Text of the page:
The data you receive is not always in a “shape” that makes it easy to analyze.

What do we mean by shape? The number of rows and columns in a DataFrame and how information is stored in the index and column names.

This lecture will teach you the basic concepts of reshaping data.

As with other topics, we recommend reviewing the pandas documentation on this subject for additional information.

We will keep our discussion here as brief and simple as possible because these tools will reappear in subsequent lectures.

In [3]:
url = "https://datascience.quantecon.org/assets/data/bball.csv"
bball.info()

bball

<class 'pandas.core.frame.DataFrame'>
RangeIndex: 9 entries, 0 to 8
Data columns (total 8 columns):
Year        9 non-null int64
Player      9 non-null object
Team        9 non-null object
TeamName    9 non-null object
Games       9 non-null int64
Pts         9 non-null float64
Assist      9 non-null float64
Rebound     9 non-null float64
dtypes: float64(3), int64(2), object(3)
memory usage: 656.0+ bytes

Out[3]:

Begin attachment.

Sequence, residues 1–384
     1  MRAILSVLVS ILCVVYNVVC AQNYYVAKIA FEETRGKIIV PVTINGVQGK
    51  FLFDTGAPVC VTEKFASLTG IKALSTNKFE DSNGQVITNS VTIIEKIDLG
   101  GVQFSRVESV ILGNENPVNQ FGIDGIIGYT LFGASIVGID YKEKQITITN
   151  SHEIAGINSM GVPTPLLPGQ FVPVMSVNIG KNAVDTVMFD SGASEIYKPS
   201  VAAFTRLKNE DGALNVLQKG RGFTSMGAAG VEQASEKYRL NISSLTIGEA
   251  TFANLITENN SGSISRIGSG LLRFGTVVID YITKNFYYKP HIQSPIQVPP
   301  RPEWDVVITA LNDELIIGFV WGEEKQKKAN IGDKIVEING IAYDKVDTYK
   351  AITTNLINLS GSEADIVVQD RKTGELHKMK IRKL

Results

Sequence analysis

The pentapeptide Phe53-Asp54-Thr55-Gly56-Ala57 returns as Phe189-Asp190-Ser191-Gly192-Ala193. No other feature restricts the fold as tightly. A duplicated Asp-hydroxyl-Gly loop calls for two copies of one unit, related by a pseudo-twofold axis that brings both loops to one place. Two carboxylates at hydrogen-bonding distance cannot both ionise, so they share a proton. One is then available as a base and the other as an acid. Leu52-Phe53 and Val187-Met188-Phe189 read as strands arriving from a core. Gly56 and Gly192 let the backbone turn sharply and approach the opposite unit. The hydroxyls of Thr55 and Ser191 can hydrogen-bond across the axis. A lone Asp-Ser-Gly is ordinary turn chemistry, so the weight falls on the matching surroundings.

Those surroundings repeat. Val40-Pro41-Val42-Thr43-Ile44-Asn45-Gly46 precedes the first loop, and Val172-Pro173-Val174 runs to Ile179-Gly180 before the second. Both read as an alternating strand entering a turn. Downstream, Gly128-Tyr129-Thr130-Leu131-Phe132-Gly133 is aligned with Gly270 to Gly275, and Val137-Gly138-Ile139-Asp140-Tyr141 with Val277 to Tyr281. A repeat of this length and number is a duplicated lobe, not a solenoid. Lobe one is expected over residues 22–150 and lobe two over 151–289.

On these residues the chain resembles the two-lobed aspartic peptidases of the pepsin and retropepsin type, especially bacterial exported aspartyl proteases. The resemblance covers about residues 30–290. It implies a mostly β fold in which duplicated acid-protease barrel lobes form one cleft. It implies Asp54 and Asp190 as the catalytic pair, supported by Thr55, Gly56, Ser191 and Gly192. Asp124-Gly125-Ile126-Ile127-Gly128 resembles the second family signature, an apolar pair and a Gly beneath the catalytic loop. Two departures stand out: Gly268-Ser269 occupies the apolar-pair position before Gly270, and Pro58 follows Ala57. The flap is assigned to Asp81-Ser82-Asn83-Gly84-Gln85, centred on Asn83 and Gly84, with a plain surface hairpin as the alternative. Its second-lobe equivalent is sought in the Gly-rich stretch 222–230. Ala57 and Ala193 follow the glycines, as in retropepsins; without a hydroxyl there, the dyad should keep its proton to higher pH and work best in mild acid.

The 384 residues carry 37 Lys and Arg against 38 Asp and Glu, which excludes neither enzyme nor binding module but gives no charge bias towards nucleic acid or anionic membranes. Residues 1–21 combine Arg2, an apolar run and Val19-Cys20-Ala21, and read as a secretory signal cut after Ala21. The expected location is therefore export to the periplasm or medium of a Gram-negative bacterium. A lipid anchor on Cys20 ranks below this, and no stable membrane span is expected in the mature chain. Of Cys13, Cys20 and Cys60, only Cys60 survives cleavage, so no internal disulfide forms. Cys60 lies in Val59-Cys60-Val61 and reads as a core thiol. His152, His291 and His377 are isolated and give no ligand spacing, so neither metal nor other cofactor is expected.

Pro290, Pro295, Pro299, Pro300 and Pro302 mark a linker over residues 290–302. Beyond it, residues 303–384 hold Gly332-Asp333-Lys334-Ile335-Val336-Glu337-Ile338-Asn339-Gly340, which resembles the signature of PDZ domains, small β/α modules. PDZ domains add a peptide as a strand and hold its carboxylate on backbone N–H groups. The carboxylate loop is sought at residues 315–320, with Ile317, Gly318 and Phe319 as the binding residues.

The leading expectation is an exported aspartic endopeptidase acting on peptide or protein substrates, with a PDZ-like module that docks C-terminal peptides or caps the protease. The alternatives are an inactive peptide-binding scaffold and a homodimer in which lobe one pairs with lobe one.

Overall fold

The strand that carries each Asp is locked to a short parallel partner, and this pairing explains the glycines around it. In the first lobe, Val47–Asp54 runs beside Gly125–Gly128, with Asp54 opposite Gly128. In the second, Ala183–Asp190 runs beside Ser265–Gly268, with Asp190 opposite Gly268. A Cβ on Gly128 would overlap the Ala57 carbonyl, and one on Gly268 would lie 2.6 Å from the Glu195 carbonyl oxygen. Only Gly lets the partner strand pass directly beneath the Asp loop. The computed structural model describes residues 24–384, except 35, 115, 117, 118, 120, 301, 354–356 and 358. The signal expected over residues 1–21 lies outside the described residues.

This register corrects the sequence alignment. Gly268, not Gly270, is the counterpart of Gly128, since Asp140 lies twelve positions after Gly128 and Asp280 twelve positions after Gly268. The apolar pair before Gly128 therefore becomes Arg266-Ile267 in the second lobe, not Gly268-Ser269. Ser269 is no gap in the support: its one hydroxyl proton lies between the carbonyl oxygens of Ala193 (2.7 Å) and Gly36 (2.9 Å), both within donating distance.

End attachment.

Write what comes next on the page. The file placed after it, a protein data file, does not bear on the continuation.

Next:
Year Player Team TeamName Games Pts Assist Rebound
0 2015 Curry GSW Warriors 79 30.1 6.7 5.4
1 2016 Curry GSW Warriors 79 25.3 6.6 4.5
2 2017 Curry GSW Warriors 51 26.4 6.1 5.1
3 2015 Durant OKC Thunder 72 28.2 5.0 8.2
4 2016 Durant GSW Warriors 62 25.1 4.8 8.3
5 2017 Durant GSW Warriors 68 26.4 5.4 6.8
6 2015 Ibaka OKC Thunder 78 12.6 0.8 6.8
7 2016 Ibaka ORL Magic 56 15.1 1.1 6.8
8 2016 Ibaka TOR Raptors 23 14.2 0.7 6.8

## Long vs Wide¶

Many of these operations change between long and wide DataFrames.

What does it mean for a DataFrame to be long or wide?

Here is long possible long-form representation of our basketball data.

In [4]:
# Don't worry about what this command does -- We'll see it soon
bball_long = bball.melt(id_vars=["Year", "Player", "Team", "TeamName"])

bball_long

Out[4]:
Year Player Team TeamName variable value
0 2015 Curry GSW Warriors Games 79.0
1 2016 Curry GSW Warriors Games 79.0
2 2017 Curry GSW Warriors Games 51.0
3 2015 Durant OKC Thunder Games 72.0
4 2016 Durant GSW Warriors Games 62.0
5 2017 Durant GSW Warriors Games 68.0
6 2015 Ibaka OKC Thunder Games 78.0
7 2016 Ibaka ORL Magic Games 56.0
8 2016 Ibaka TOR Raptors Games 23.0
9 2015 Curry GSW Warriors Pts 30.1
10 2016 Curry GSW Warriors Pts 25.3
11 2017 Curry GSW Warriors Pts 26.4
12 2015 Durant OKC Thunder Pts 28.2
13 2016 Durant GSW Warriors Pts 25.1
14 2017 Durant GSW Warriors Pts 26.4
15 2015 Ibaka OKC Thunder Pts 12.6
16 2016 Ibaka ORL Magic Pts 15.1
17 2016 Ibaka TOR Raptors Pts 14.2
18 2015 Curry GSW Warriors Assist 6.7
19 2016 Curry GSW Warriors Assist 6.6
20 2017 Curry GSW Warriors Assist 6.1
21 2015 Durant OKC Thunder Assist 5.0
22 2016 Durant GSW Warriors Assist 4.8
23 2017 Durant GSW Warriors Assist 5.4
24 2015 Ibaka OKC Thunder Assist 0.8
25 2016 Ibaka ORL Magic Assist 1.1